Our Faculty

Suzie Chen, Ph.D.

Distinguished Professor

Environmental and Occupational Health Sciences Institute

Division of Toxicology

Ernest Mario School of Pharmacy

Rutgers University

Room 213

164 Frelinghuysen Rd Piscataway New Jersey 08854

Work Phone: 848-445-7243 (office) 


Research Areas

The main interest in my laboratory is to study the molecular mechanisms of melanoma development using a line of transgenic mice (TG-3) generated in my lab several years ago. From mapping studies, we have determined that about 70 kb of host sequences have been deleted by the insertion of the transgene. The host DNA had been deleted from a region of mouse chromosome 10 which is syntenic to the long arm of human chromosome 6. This region of human chromosome 6 has been shown to be highly rearranged in a large number of human nonfamilial malignant melanomas. A combination of techniques were used to identify intron 3 of metabotropic glutamate receptor 1 (Grm1) as the gene disrupted by the insertion of the transgene. The metabotropic glutamate receptors (mGluRs) belong to a family of seven transmembrane domain, G-protein coupled receptors (GPCRs). Expression of mGluRs is usually restricted to neuronal cells, but the signaling pathways activated by these receptors are widely distributed in both neural and non-neural cells. Mice with null mutations in Grm1 display reductions in hippocampal long term potentiation, and abnormalities of motor coordination and associative learning. In the TG-3 line, we showed that Grm1 is expressed only in ear tumors, but not normal ear as demonstrated by semi-quantitative RT-PCR, Western immunoblots, immunofluorescence and immunohistochemistry. Co-localization of Grm1 and the melanocyte-marker Tyrp-1 was detected only in tumors and not in the normal counterparts. Based on these results, a new transgenic line was generated with targeted Grm1 expression to melanocytes, by using Grm1 cDNA under the melanocyte-specific Dct (dopachrome tautomerase) promoter. Founder of Dct-Grm1 exhibited melanotic tumors on the tail at 7.5 months of age. High levels of Grm1 expression were observed in tail tumors but not in normal tail. Histopathological analysis showed these tumors to be very similar to those of TG-3. These results provide the compelling evidence suggesting the improtance of Grm1 signaling in melanocytic neoplasia.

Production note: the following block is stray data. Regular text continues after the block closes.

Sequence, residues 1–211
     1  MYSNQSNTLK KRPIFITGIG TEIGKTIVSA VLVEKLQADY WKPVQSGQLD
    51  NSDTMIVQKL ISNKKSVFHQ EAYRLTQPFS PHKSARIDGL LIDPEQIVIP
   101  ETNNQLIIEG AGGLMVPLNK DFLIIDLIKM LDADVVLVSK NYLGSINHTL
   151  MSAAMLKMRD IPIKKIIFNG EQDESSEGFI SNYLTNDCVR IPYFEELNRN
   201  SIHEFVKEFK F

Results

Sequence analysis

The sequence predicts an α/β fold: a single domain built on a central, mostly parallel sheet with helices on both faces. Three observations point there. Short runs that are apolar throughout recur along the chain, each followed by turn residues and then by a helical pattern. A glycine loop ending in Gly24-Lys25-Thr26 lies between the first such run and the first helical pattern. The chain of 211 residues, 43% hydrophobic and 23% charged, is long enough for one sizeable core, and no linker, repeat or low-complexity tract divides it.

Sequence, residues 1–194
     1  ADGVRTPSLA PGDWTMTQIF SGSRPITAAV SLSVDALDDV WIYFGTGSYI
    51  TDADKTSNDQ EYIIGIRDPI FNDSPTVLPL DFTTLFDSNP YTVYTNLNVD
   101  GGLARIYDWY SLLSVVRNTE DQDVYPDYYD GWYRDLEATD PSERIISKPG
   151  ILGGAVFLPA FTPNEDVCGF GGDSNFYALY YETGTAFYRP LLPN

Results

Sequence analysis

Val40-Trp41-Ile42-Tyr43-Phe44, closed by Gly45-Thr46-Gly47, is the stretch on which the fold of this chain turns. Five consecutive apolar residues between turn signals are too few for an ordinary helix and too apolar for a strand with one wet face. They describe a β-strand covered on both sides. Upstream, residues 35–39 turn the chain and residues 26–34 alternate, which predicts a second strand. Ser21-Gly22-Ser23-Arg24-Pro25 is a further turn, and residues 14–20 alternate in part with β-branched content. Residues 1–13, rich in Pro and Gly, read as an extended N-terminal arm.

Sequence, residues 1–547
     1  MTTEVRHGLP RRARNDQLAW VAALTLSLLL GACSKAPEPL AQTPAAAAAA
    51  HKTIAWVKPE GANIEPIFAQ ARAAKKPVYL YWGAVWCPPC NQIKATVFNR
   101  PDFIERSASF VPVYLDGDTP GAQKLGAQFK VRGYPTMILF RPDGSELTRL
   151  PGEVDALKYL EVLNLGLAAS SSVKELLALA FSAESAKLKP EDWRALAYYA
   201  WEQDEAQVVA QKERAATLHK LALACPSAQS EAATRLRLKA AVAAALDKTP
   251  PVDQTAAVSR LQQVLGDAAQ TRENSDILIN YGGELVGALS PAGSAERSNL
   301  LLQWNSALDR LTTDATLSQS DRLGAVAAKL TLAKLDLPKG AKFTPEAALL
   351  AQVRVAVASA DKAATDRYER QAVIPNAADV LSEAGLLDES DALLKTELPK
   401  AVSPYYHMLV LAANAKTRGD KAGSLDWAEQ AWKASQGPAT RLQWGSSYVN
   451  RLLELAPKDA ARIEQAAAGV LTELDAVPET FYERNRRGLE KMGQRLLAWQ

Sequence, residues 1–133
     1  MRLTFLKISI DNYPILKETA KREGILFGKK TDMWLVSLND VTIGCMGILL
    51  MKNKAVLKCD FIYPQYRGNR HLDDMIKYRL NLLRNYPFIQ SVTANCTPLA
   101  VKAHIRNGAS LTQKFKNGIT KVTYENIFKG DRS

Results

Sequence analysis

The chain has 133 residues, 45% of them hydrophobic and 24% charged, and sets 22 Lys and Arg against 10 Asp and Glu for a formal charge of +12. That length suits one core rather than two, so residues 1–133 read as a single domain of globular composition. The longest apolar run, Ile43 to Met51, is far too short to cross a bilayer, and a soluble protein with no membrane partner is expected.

Together with Dr. J. Goydos at CINJ, we begin to explore the potential role of the aberrant expression of Grm1 in human melanoma development and progression. Our data on human melanoma biopsy samples (7/19) showed expression of Grm1. Grm1 expression was not detected in two benign nevi and one normal skin samples. Similar analyses were also done with 18 human melanoma cell lines, 12/18 of these cell lines showed Grm1 expression, these results were confirmed by immunofluorescence. Co-localization of Grm1 and Tyrp1 (a melanocyte-specific marker) was detected only in lines that also showed Grm1 expression.

Research Highlights

  • Melanoma research
  • Melanoma research from bench to the clinic.


Scholarly Activities

  • 2014 – present Council member of PanAmerican Society for Pigment Cell Research